Don't be down and out

It is claimed that depression affects an estimated 33 to 35 million U.S. adults at some point during their lifetime. The symptoms are numerous: trouble focusing, sadness, irritability, hopelessness, trouble sleeping, weariness, feeling worthless or guilty, major weight change and/or disinterest in favored activities.

This list was adapted from a website of one of those drugs you see advertised every night during your favorite TV show. You know, the one with the sad looking people with bags under their eyes standing with their arms folded gazing off into nowhere. Then and announcer comes on and tells them there’s hope if they just talk to their doctor about AbiliProzCymbilify, or something like that.

My question is: Who here hasn’t suffered episodes of one or more of those symptoms in their lifetime? I don’t see any raised hands.

So I’m thinking that the number of people who really need medication to get out from their depression is much smaller than the number of people actually gulping down those expensive pills for six months or even for a lifetime.

Now, I’m not saying people with serious depression don’t need pharmaceuticals to help them cope; many do. I’m saying that too many people turn to drugs when they should turn to themselves and decide to do something about their own malaise.

Albert Ellis, the American psychologist who in 1955 developed Rational Emotive Behavior Therapy, said, “You largely constructed your depression, it wasn’t given to you. Therefor you can deconstruct it.” I agree with Dr. Ellis.

Someone else said, “Depression is prison where you are both the suffering prisoner and the cruel jailer.” If that’s the case, then there are a good many people just allowing that cruel jailer to have his or her way.

Several years ago I had a guy working for me whose wife suffered from depression. She went to a therapist and he told her the answer to her problem was to take a walk every day. She did, and soon she was out of her depression. His prescription for her was much more effective than drugs, and the only side effect from her daily walks was a healthier body.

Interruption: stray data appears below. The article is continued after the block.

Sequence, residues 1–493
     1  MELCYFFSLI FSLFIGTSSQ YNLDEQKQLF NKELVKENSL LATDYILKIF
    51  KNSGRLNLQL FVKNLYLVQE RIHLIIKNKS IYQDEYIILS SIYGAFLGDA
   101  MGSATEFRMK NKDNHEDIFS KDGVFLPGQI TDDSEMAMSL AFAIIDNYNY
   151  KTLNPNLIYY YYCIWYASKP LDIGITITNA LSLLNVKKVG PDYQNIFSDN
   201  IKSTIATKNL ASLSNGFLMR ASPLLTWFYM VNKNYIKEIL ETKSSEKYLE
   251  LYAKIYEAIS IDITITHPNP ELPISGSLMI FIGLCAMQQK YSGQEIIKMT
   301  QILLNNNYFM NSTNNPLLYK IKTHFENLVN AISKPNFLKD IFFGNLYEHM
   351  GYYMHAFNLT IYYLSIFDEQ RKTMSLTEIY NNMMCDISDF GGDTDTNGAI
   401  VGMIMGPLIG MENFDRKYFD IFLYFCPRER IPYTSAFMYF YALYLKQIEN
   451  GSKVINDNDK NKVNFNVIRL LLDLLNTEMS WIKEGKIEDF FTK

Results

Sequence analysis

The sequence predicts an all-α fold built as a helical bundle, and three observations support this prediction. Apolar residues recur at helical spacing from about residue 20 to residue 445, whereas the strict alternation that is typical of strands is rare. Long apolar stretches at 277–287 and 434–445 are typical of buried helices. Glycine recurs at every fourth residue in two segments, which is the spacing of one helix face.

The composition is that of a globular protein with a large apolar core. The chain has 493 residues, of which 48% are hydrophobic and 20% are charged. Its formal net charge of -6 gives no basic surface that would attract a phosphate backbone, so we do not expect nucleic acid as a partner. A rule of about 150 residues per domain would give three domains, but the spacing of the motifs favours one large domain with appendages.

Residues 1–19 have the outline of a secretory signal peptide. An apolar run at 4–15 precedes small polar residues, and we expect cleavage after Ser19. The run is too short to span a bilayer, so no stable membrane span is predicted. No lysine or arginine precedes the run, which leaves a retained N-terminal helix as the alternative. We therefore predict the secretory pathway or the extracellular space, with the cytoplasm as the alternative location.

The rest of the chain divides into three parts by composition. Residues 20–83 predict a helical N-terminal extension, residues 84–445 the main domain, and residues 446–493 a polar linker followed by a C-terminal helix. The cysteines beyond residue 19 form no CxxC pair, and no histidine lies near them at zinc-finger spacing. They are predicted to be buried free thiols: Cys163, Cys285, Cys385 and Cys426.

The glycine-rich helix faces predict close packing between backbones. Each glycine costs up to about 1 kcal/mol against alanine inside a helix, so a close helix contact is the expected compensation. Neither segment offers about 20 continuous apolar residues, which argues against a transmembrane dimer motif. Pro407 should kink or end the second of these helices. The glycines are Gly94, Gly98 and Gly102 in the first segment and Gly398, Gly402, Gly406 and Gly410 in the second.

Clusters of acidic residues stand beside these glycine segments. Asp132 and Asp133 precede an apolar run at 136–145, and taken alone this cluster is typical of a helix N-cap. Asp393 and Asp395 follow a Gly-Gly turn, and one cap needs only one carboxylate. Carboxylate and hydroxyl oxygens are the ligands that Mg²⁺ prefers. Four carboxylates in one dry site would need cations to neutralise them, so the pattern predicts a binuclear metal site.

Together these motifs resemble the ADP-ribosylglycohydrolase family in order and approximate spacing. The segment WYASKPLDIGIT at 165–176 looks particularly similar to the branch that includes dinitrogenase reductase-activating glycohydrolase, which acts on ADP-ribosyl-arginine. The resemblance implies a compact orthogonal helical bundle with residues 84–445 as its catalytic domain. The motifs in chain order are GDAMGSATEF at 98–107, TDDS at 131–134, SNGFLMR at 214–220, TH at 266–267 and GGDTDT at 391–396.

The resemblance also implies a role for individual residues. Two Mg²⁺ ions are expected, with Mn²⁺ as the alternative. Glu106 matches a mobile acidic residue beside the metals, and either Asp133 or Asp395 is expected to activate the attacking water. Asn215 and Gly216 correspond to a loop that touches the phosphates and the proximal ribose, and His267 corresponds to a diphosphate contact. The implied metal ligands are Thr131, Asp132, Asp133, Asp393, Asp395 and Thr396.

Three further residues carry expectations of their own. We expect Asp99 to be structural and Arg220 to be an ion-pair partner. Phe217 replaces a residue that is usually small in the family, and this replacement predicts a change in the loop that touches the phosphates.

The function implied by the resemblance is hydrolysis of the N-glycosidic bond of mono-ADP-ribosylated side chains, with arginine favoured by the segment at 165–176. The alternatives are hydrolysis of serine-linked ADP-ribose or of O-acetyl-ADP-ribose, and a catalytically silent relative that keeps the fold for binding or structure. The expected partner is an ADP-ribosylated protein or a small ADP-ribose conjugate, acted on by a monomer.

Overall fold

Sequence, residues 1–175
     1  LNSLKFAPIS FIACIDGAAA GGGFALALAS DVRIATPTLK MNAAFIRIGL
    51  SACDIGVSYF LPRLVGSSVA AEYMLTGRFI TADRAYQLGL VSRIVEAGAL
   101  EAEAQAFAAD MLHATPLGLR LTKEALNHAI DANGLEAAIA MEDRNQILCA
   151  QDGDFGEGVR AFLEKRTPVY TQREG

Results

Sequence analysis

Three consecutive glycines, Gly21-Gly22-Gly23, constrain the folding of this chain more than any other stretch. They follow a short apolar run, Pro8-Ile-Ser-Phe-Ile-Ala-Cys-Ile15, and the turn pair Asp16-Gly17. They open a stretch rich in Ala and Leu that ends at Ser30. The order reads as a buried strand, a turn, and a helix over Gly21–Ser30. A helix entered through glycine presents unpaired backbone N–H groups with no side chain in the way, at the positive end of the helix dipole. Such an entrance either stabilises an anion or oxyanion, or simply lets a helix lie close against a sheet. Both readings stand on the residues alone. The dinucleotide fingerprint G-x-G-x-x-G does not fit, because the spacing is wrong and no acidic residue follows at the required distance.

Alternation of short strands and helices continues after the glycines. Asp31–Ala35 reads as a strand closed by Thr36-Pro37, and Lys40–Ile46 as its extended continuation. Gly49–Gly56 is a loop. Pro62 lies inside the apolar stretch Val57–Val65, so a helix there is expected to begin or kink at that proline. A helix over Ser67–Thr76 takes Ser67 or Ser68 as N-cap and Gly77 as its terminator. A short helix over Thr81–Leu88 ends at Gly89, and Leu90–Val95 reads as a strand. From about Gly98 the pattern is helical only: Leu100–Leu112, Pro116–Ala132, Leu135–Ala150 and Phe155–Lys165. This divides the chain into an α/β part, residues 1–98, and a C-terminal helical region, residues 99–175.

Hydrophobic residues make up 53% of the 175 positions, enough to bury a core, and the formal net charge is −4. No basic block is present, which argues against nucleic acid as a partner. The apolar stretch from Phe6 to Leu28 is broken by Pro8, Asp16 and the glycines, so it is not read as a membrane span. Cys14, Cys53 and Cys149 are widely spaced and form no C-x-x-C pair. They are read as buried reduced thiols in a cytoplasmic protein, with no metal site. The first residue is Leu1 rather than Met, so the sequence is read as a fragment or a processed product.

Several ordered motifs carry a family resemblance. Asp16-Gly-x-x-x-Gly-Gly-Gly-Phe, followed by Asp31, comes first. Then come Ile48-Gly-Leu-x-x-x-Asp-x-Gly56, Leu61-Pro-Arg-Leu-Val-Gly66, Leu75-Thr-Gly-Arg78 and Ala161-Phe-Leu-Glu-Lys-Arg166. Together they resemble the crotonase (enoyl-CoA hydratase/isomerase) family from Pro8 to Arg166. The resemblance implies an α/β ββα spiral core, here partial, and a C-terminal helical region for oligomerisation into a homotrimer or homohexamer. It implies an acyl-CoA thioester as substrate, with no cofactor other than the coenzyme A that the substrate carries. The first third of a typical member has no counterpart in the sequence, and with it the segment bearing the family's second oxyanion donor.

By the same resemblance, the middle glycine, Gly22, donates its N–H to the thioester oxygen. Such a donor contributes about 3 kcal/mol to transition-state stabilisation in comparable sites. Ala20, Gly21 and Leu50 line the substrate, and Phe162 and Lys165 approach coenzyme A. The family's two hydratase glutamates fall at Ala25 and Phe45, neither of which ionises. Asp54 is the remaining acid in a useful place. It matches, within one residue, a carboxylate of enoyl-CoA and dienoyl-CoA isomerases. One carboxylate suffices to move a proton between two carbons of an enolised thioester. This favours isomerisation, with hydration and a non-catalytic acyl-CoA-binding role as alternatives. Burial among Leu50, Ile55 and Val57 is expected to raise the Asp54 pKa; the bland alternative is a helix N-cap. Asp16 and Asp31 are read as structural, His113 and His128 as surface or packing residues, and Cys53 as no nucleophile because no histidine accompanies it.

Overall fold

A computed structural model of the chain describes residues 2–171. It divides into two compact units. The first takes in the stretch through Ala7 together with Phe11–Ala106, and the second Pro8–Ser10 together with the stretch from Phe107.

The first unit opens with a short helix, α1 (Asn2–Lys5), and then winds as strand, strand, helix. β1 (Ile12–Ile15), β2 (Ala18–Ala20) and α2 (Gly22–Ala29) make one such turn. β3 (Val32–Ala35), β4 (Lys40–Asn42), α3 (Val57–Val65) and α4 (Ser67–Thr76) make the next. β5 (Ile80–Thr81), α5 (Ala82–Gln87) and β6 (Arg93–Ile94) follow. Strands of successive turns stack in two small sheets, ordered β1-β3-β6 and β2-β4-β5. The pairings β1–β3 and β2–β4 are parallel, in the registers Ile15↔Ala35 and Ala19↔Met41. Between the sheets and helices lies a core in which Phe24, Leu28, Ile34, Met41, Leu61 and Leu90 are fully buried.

Dr. Wayne Dyer said, “Depression is inertia.” Rollo May said, “Depression is the inability to construct a future.” I say we have tens of millions of people popping Prozac when they should be taking a walk.

There is another possible cure for depression you might consider: forgiveness. Forgive those who have wronged you, no matter how bad the hurt. You know who they are, you know how they hurt you and you know how bad it feels. Until you forgive them, you will live under their control, even if they are dead.

After that, seek forgiveness from others. Go to those you have wronged and ask to be forgiven. It’s easier to do than you think and very satisfying. You will find God Himself to be especially merciful when you humbly seek His forgiveness.

And last, forgive yourself for the stupid things you’ve done, even the really, really stupid things. You are human and humans make mistakes, they even commit unspeakable sins against their God, their mate, their parents, or their children.  Self-condemnation will place you in a prison faster than the gavel of a hanging judge.

What could possibly go right if you decide to no longer live down and out and suffer in depression? You’ll be up and in.